13 Canadian operators agree to emergency roaming and mutual assistance commitments

Major telecoms network operators in Canada have signed a Memorandum of Understanding on Telecommunications Reliability ‘to ensure the reliability and resiliency of communications networks that are a significant lifeline for those in need during natural disasters, network failures and other impactful emergencies.’ The action was ordered by Minister of Innovation, Science and Industry Francois-Philippe Champagne in response to a massive outage on the Rogers network in July. Participating companies – Rogers, Bell, Telus, Eastlink, Cogeco, SaskTel, Shaw (including Freedom Mobile), Tbaytel, Telesat, Videotron, Xplornet and Zayo – agreed to three main Protocols: Emergency Roaming; Mutual Assistance; and the Emergency Network Outage Communications Protocol. canada emergency roaming

The Minister noted that, from 9 September: ‘Should one of these providers be faced with a major network outage, the other companies have committed to provide the support and assistance necessary so that Canadians can reach loved ones, access 911, and conduct business transactions. As part of this agreement, the companies also commit to providing clear and timely communications to keep Canadians and appropriate authorities informed about response and restoration during major network outages.’

A series of additional steps are being worked on, including: canada emergency roaming

    • The Canadian Security Telecommunications Advisory Committee (CSTAC) is examining further measures (within six months) to ensure robust and reliable telecommunications networks across the country.
    • The Canadian Radio-television and Telecommunications Commission (CRTC) is pursuing a detailed investigation of Rogers’ recent outage, including new measures the latter is putting in place.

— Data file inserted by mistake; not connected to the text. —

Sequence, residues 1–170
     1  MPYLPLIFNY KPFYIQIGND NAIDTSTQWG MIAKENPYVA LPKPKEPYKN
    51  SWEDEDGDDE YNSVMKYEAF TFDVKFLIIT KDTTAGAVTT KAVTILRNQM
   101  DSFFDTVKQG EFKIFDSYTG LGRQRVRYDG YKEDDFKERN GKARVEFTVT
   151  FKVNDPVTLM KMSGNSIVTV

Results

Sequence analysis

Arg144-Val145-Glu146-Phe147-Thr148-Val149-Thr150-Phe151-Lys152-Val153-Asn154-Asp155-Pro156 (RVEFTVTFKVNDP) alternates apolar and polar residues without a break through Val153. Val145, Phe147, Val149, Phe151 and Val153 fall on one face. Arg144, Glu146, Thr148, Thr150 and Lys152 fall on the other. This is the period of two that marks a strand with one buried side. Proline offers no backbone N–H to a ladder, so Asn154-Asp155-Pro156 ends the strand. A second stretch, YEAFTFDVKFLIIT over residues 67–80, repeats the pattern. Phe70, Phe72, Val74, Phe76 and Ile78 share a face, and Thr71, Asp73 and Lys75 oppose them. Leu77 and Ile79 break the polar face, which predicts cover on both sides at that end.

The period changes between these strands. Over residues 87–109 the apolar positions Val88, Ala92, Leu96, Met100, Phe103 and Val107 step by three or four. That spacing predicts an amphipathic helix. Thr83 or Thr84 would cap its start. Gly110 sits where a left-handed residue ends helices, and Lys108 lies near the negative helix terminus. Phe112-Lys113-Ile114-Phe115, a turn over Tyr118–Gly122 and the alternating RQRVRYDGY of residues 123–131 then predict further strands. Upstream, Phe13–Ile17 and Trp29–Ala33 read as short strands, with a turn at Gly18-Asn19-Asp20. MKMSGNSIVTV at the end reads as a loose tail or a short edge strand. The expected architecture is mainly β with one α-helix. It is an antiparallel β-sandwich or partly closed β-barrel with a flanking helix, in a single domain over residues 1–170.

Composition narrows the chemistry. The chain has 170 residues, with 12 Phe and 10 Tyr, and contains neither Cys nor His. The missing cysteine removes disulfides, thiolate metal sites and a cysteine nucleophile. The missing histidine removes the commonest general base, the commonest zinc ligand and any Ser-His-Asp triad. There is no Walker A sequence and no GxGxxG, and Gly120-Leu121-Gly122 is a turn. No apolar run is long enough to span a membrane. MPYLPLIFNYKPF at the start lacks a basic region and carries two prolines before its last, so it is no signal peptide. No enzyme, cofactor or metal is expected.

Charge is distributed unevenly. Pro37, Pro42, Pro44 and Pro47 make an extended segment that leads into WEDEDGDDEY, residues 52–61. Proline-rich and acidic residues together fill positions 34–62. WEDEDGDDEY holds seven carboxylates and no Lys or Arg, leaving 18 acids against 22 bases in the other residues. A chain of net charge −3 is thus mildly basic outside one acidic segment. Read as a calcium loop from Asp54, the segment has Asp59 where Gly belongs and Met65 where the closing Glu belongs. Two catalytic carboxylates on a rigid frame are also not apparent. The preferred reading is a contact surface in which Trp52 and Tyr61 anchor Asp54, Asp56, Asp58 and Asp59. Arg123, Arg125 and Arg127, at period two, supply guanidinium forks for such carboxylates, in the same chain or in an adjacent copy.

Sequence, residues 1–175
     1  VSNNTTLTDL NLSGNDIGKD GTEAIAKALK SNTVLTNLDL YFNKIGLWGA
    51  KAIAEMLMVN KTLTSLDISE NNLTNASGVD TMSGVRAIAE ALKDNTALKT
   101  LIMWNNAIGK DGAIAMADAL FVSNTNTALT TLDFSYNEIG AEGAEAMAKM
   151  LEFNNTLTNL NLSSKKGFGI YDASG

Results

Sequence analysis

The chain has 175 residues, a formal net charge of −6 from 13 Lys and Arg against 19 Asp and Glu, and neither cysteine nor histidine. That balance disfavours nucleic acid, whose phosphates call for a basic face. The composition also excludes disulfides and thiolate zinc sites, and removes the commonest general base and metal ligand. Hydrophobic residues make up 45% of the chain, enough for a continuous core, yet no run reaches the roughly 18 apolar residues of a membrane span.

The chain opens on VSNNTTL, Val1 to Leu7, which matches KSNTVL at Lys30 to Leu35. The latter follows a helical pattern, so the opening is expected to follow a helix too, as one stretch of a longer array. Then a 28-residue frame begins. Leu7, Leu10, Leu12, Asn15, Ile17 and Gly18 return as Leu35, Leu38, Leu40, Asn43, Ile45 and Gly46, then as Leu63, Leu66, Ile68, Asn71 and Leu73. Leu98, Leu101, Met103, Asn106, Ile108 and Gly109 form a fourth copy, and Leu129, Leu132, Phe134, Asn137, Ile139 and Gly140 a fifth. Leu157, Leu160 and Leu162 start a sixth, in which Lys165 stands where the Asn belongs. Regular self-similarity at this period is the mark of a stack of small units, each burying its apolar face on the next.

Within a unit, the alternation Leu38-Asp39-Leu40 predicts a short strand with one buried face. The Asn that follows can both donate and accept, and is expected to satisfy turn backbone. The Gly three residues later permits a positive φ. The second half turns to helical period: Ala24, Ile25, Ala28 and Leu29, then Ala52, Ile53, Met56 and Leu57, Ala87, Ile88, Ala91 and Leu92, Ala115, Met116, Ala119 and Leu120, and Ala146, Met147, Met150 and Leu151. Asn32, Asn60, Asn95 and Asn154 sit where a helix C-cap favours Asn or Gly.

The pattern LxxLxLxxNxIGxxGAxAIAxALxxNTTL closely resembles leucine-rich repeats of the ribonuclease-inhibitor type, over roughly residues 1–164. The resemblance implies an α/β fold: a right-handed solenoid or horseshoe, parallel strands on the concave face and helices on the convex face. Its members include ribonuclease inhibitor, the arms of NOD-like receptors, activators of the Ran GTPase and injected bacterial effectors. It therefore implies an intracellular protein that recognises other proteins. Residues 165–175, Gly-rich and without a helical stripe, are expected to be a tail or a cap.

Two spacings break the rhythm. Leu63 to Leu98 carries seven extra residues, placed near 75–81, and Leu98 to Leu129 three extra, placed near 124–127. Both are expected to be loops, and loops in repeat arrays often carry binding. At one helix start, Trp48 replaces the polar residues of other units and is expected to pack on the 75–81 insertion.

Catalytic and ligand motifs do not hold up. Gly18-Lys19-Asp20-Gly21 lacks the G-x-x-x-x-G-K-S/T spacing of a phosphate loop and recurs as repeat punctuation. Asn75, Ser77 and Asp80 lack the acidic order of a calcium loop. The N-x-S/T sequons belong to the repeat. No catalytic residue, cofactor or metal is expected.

• Innovation, Science & Economic Development Canada (ISED) is reviewing appropriate regulatory measures to be implemented aimed at strengthening the reliability and safety of networks.
    • Work on a Public Safety Broadband Network is also progressing. canada emergency roaming



“The Rogers outage of July 8th was unacceptable, and we must do everything possible to ensure something similar does not happen again in the future,” Champagne said.

In a statement, Rogers CEO Tony Staffieri said the agreement is part of the company’s journey to regain Canadians’ trust. “I want to acknowledge the hard work and collaboration from our fellow industry stakeholders which speaks to the strength of our shared commitment to Canadians,” Staffieri said.

The Minister has also outlined a number of other actions, including giving the Canadian Security Telecommunications Advisory Committee (CSTAC) six months to create more measures to ensure reliable networks across the country.

Champagne has also directed his department to review regulatory measures that will strengthen network safety. Along with the Minister of Emergency Preparedness, Bill Blair, Champagne is also supporting the Public Safety Broadband Network.

“As we move forward, I will continue to hold Canada’s telecommunications service providers accountable, and keep Canadians updated on the work our government is doing to strengthen the reliability of our networks and granting affordability and competition,” Champagne said.

 

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